In this breakthrough anime masterwork, Akira starts out in 1988, much of Tokyo is destroyed by a mysterious that spreads like a dome of energy over the city. The rest of the film is set in the year 2019, as we peek into the post-apocalyptic megalopolis that has been rebuilt as Neo-Tokyo, where the government is corrupt, civil unrest looms large, and biker gangs run the streets. One member of such a biker gang is Tetsuo Shima, who ends up seemingly running into an escapee from a government experiment who uses some sort of powers to protect himself from getting run over. The escapee is taken back into custody, as is Tetsuo, who also becomes part of the experiment to bring out his dormant psychic abilities, trying to give their subject the ability to read minds and perform telekinesis. However, due to Tetsuo’s difficult life, the powers he attains becomes more than the less-than-grounded lad can handle emotionally, so he springs himself from the lab and begins to wreak havoc on the streets of Neo-Tokyo, on a search for the powerful but absent entity known as Akira, who is seen as the person responsible for causing the explosion in 1988. Tetsuo’s emergence raises the specter of Akira anew, as the protestors in the city see him as a force to stem the tide of a military takeover, with all of the tension threatening to destroy the city all over again if his friends can’t stop the rampage. As the city seeks to rebuild, especially in the wake of the upcoming 2020 Olympic Games, the problems that once plagued the city have continued to manifest, with history doomed to repeat itself for never addressing the woes the first time around.
Rounding out this trio of Hasbro toy-based films put out by Marvel/Sunbow in the mid-1980s, “GI Joe: The Movie” has the dishonorable distinction of being funneled straight to video and subsequently syndicated on television due to the lack of success for the “Transformers” and “My Little Pony” movies at the box office the year before. But does that mean it’s a bad film? Well, some might argue yes, others hell no, and many more fall under the category of loving it because it embraces its flaws and plays them up to maximum entertainment. Don Johnson and Burgess Meredith provide voices for this completely off-the-hook action-adventure-science fiction extravaganza that serves as a precursor to the dumb-but-fun action blockbusters people either love or love to hate from the 1990s.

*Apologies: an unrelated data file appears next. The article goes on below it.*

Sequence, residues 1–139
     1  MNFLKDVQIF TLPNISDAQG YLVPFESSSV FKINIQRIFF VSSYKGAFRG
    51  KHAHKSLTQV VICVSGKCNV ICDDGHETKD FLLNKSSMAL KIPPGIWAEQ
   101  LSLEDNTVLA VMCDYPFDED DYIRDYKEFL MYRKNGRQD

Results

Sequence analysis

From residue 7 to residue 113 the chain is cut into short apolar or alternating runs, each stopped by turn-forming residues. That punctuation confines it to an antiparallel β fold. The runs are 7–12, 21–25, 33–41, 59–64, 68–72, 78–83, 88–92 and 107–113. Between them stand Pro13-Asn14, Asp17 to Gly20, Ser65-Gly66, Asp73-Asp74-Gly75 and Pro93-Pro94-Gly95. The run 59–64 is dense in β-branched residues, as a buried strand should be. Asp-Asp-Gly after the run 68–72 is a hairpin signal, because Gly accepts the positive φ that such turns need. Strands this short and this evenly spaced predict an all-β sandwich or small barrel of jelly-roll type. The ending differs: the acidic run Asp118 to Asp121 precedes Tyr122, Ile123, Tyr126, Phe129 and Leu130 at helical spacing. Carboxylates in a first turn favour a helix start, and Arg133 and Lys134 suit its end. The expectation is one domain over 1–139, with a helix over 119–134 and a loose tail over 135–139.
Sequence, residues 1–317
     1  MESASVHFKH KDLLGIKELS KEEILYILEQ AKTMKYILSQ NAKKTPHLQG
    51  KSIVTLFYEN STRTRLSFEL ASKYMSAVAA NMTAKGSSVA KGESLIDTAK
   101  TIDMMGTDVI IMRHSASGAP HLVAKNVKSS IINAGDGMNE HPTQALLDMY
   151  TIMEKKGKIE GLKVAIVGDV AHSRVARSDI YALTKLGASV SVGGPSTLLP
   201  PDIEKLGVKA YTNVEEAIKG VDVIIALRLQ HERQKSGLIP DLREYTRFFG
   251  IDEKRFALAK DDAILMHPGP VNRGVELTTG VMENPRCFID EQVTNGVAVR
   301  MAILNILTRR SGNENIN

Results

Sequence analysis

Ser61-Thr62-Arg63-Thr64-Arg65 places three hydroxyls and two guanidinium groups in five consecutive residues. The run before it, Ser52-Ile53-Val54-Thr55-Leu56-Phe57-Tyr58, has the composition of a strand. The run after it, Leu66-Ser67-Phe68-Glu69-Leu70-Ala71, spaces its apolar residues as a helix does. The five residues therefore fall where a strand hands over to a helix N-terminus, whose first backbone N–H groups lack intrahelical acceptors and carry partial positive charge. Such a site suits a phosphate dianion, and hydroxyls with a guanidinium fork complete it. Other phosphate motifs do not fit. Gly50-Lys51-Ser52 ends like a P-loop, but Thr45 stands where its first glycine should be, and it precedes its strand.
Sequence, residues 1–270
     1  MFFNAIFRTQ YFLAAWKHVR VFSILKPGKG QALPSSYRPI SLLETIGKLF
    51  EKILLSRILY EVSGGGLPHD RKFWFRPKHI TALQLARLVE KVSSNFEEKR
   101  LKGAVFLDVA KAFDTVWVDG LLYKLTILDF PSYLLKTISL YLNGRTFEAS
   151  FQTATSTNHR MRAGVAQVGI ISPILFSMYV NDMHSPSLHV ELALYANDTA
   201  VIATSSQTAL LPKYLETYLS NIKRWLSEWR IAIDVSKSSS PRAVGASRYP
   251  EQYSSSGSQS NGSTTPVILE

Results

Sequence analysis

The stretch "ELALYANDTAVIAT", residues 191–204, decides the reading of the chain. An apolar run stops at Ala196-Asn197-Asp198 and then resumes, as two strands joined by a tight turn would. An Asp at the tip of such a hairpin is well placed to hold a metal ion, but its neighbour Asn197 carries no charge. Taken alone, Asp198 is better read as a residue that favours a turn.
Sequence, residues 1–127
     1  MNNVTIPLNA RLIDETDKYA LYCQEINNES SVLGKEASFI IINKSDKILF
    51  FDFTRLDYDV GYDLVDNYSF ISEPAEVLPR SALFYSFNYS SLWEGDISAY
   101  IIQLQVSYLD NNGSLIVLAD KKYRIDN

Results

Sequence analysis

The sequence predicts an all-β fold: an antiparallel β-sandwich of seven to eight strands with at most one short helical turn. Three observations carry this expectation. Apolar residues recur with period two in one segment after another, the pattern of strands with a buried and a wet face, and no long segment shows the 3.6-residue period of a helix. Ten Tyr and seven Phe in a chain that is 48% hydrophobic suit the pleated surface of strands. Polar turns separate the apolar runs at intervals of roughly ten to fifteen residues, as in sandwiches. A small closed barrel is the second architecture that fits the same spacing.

Marvel joined with Sunbow to deliver the first of four animated feature films based on Hasbro toys in the 1980s with 1986’s MY LITTLE PONY: THE MOVIE, which took the popular toy line of dolls resembling ponies and other animals (plus a few humans) and pitted them against three dastardly witches who can’t stand their rampant pleasantness. Danny DeVito, Cloris Leachman, Madeline Kahn, Rhea Perlman and Tony Randall do their best to bring this colorful musical adventure to life. Critically and commercially tanking at the box office at the time, it’s about time we look this gift horse in the mouth and see what we find with this retrospective review!
The first of four feature-length ventures between Marvel Productions and Sunbow Entertainment that centered on toys made by Hasbro, THE TRANSFORMERS: THE MOVIE would make for an ambitious way to not only sell toys and entertain fans, but also to set for a new course for the animated TV series, in this bridge between the second and third seasons of the show. A critical and commercial misfire, the film has gained cult status among Transformers property aficionados and lovers of cultural oddities of the 1980s, not only for its bold story choices, but also for its eclectic voice actors (Orson Welles, Judd Nelson, Eric Idle, Leonard Nimoy, Casey Kasem, Robert Stack, Lionel Stander, John Moschitta Jr, and Scatman Crothers), as well as its driving hair-metal soundtrack.
1985’s THE BLACK CAULDRON represents Disney at its nadir as an animation studio, resulting in a box office failure and years of obscurity. It’s first PG-rated animated feature struggled to find an audience clamoring for its dark and violent tones. However, it has garnered a significant cult following over the years, with its tales of swords, sorcerers, and black magic-infused battles brought to life with stunning visuals that incorporate the studios first forays into computer-generated elements into its hand-drawn animated cels. Does it deserve obscurity, or is it about time to reappraise a hidden gem in Disney’s vast and storied filmography?
Rankin and Bass, the team that brought us Rudolph the Red-Nosed Reindeer as well as the ThunderCats, brought this charming animated feature featuring Japanese animation from the team who would go on to form Studio Ghibli, and voiced by stars like Mia Farrow, Jeff Bridges, Alan Arkin, and Christopher Lee. Peter S. Beagle adapts his own children’s book, tapping into the metaphorical journey from the safety and security of youth to the strange and perilous odyssey of growing up, with the last unicorn as our guide. Featuring folk-rock tracks sung by America and written and composed by Jimmy Webb, the nostalgia is strong with this one.
Don Bluth’s first big screen effort under his own name after splitting from Disney, along with several other Disney animators and artists, in order to try to return to the kind of groundbreaking style and commitments to storytelling that their former company had been skimping out on during the 1960s and 1970s. THE SECRET OF NIMH adapts Robert C. O’Brien’s 1972 book, “Mrs. Frisby and the Rats of NIMH”, and makes an interesting animated allegory for the experience these artists went through on their quest for independence and destiny.